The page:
Chairwoman of Shipman inquiry protests at lack of actionBMJ 2006; 332 doi: https://doi.org/10.1136/bmj.332.7550.1111 (Published 11 May 2006) Cite this as: BMJ 2006;332:1111
- Tessa Richards
The government, the General Medical Council, and the medical profession were criticised last week for failing to respond to the recommendations of the inquiry into the case of Harold Shipman, the GP who murdered more than 200 patients.
At a meeting convened at the Royal Society of Medicine in London to discuss trust between doctors and patients after the Shipman case, Janet Smith, chairwoman of the Shipman inquiry, said that the case had “disclosed a raft of flaws in professional governance” and that “inaction cannot be defended.”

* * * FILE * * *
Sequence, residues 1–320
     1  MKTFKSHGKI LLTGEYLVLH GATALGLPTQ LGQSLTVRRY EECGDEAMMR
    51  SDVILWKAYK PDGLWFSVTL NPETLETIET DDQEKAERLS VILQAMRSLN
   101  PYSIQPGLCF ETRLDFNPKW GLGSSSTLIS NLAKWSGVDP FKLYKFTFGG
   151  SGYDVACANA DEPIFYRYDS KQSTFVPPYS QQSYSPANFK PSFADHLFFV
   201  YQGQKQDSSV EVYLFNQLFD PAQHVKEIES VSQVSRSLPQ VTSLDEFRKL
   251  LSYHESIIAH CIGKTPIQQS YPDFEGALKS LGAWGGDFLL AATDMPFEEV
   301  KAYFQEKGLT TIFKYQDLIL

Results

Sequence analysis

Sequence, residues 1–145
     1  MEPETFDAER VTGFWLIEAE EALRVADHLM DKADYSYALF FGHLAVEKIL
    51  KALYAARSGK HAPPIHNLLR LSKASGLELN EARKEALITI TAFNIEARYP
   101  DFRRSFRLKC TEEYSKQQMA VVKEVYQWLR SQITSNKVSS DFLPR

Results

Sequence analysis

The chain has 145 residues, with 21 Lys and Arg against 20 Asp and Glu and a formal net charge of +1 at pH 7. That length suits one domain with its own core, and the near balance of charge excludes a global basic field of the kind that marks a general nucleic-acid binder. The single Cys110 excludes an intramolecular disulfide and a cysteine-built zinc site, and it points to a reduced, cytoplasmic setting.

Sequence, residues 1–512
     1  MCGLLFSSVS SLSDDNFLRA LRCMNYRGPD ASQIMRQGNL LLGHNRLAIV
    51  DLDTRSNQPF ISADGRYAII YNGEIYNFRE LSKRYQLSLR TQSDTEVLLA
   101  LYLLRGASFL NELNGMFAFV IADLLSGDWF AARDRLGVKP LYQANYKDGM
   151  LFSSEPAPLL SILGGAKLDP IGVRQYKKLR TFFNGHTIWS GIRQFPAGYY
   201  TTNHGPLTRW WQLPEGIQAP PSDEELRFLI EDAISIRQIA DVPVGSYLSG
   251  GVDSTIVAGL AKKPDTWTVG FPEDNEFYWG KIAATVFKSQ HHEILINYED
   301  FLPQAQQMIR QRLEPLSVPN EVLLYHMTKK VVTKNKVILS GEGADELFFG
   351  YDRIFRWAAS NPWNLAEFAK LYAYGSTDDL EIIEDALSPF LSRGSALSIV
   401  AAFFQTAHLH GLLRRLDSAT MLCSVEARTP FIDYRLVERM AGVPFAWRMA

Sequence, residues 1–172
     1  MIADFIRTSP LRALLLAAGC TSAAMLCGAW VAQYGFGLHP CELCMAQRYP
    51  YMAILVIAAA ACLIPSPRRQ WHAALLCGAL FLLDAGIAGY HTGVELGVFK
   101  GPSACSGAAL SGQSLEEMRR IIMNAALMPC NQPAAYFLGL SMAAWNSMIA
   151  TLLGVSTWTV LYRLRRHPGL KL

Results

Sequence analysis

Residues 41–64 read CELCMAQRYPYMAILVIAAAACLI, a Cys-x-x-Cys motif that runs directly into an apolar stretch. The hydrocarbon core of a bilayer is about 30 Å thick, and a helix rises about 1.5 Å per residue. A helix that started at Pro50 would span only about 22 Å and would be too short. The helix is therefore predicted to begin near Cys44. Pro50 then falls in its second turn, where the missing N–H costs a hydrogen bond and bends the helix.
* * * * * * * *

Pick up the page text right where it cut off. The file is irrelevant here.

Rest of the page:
The GMC's plan for revalidation was “stopped in its tracks,” she said, which was “good because as proposed it was merely a rubber stamping exercise, but 18 months on we are still waiting to learn what is to be done.”
Aneez Esmail, professor of general practice at Manchester University and an adviser to the inquiry, said that the “continued silence” of the chief medical officer indicates that an “unholy compromise is being worked out.”
“And when it does appear I predict it will be a fudge,” he said.
The inquiry's recommendation to revise death and cremation certification (BMJ 2002;325: 919) should already have been implemented, speakers underlined. It was the most effective way of “preventing another Shipman” and—unlike revalidation (which could not identify a serial killer)—was simple to implement.